One of Turkey's Germans
Constantinople, 19th November 1918: fat-bellied ships move through the cold fog that lies over the Bosphorus. Their Union Jacks make it abundantly clear to the world that "the sick man of the Bosphorus" has been vanquished, along with his allies, the German Empire and Austria-Hungary. The new masters of the mouldering Ottoman empire are England, France and Italy.
The population of Constantinople, as Europeans still called Istanbul in the 19th century, had come out into the streets to celebrate Turkeyʹs entry into the war, euphoric and waving brightly-coloured flags. But for many of them war and defeat ultimately meant only suffering, displacement, expulsion and even annihilation. It also meant the first death of Constantinopleʹs unusual cosmopolitan society and the legendarily vibrant quarter of Pera.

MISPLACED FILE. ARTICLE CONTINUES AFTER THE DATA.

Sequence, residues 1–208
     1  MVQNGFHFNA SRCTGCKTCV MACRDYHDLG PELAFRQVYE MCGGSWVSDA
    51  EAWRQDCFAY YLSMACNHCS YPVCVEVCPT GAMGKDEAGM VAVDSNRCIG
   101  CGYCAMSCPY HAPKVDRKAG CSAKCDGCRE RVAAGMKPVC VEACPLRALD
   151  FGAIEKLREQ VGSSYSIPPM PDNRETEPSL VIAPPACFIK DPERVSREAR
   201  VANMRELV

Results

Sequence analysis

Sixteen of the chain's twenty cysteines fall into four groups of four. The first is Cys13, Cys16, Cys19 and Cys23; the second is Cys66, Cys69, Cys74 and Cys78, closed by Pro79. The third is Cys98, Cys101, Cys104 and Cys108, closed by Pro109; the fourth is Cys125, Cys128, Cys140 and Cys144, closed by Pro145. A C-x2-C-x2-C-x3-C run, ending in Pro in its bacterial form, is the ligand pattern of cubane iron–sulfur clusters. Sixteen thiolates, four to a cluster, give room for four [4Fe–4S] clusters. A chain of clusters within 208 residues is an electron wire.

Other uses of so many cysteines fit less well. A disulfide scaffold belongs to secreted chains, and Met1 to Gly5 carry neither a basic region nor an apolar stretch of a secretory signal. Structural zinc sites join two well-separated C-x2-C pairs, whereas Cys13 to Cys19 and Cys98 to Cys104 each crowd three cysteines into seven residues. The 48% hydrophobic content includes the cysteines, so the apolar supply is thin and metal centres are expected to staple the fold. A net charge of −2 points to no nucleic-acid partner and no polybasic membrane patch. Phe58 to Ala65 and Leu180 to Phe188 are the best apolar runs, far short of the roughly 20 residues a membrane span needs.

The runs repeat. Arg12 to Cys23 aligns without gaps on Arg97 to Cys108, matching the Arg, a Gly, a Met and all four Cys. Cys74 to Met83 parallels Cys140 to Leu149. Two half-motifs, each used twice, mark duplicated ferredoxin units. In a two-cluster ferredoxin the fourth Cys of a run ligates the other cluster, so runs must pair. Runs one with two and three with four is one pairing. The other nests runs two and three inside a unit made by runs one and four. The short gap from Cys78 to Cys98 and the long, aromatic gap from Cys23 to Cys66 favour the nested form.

The end of the war also brought a fateful change for the many thousands of Germans who had made their home in the colourful mix of nationalities on the banks of the Bosphorus. When the victorious British feared that Germany might exert its influence there, they ordered the expatsʹ deportation. The Germans were forced to leave their "Kospoli", as some of them affectionately called their new home city. It was the end of the first chapter of the German presence on the Bosphorus.
Schrader, the "Turkeideutscher"
One of these "Turkeideutschen" (Turkey Germans), as they called themselves, was the Orientalist and journalist Friedrich Schrader. Born in 1865 in Sachsen-Anhalt, he studied philology, oriental studies and art history before taking a doctorate in Indology.
He moved to Istanbul in 1892 to teach German language and literature at the American Robert College. There, he lived in Bebek, at the time a neighbourhood with hardly any development on the European side of the Bosphorus, with his first wife, Pauline and his son, Wolfgang. After Paulineʹs death in 1902, she was buried in the Protestant cemetery in Ferikoy and Schrader married Fannitsa, a Bulgarian Jew by birth.